Wen Jiabao, the popular prime minister, has been touring hospitals, offering moral support to weeping mothers and threatening punishment all round. Li Changjiang, the minister in charge of product safety, has been forced to resign.

That was a telling moment. Mr Li became a celebrity last year for his handling of the row over poisoned Chinese exports, which began with pet food tainted with melamine and moved on to lead-coated toys. He said it was a “foreign plot” by Western countries to protect themselves from Chinese imports. That hubris has now been his undoing, as it has China’s.

This is not just because in its Olympic determination to show off its perfect new Beijing it overlooked the troubles of its less sophisticated hinterland; or because it thought that by winning prestige around the world the government could more easily win favour at home, though both are true.
It is also because the success of the Games has raised expectations.

Four years ago, there was another baby milk scandal, when 13 babies died in one province from drinking fake formula. The story made some waves locally, and brought exactly the same response from the government: threatened punishment and promises of better control. But then it was forgotten.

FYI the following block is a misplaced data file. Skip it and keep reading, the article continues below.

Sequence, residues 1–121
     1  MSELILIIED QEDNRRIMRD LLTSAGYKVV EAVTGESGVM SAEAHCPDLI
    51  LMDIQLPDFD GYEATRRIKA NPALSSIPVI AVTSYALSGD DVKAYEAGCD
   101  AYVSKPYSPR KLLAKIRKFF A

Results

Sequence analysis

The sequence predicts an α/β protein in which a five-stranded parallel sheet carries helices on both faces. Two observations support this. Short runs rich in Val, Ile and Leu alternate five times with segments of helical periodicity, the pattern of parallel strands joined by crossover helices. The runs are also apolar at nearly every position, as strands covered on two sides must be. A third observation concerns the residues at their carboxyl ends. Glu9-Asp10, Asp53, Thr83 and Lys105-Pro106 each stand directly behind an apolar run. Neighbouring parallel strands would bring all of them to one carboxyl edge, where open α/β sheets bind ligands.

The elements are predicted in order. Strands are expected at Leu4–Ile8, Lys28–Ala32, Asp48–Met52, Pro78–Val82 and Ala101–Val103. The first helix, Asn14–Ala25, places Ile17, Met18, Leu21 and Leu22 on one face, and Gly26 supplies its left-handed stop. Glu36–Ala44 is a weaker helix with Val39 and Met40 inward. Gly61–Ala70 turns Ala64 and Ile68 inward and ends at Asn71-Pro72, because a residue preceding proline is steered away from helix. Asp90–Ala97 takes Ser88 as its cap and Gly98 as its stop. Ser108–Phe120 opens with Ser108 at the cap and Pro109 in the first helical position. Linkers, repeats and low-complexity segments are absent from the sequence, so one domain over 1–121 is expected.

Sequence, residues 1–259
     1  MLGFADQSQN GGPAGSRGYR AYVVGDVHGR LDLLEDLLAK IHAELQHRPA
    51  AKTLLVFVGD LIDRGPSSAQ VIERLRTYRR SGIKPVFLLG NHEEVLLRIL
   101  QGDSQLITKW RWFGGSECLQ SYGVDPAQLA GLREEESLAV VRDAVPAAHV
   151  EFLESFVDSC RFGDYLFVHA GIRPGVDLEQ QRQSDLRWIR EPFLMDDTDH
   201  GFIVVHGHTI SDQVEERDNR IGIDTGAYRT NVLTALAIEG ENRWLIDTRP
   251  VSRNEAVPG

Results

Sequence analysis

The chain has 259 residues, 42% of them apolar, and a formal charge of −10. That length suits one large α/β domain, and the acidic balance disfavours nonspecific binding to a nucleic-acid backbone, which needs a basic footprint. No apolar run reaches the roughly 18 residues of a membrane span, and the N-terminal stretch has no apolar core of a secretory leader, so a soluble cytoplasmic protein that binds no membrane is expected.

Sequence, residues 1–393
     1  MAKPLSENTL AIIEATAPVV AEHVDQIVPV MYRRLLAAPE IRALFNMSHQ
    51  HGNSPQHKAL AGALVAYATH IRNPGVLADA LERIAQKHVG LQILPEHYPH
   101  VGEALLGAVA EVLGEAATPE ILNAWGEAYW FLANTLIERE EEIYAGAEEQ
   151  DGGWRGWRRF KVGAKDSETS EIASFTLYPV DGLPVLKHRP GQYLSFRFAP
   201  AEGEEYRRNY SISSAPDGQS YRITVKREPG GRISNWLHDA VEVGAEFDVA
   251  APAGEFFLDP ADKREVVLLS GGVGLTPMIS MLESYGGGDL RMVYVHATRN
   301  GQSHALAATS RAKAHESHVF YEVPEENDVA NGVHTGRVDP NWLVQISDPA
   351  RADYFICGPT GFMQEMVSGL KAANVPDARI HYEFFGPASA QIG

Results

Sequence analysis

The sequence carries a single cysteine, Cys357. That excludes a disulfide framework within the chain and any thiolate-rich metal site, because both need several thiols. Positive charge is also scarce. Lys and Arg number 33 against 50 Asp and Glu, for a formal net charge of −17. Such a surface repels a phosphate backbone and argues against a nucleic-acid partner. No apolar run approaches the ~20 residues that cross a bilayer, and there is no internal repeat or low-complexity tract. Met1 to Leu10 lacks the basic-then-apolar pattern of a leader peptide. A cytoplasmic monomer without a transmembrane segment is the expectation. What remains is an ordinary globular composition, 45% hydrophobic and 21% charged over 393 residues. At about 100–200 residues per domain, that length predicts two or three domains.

“On that occasion, it was the responsibility of local milk producers, but now all the major dairy brands in China are all involved in the scandal,” said Li Datong, a liberal commentator. “But the opening up of information and greater social development have made people more aware about the country. And they care more about their health than before.”

There is no sign that hubris will be followed by nemesis. Some scandals even seem to elevate the regard for central leaders like Mr Wen, who can use media controls to focus criticism on the local criminals responsible, rather than the political systems that let them get away with it.

But more and more people are noticing the central contradiction of a ruling Communist Party that says that it is modern and reforming, but shuts off the means of holding it to account. It has not gone unremarked that the boss of Sanlu, now sacked and in police custody, was a senior party official, as are the leaders of most big companies in China.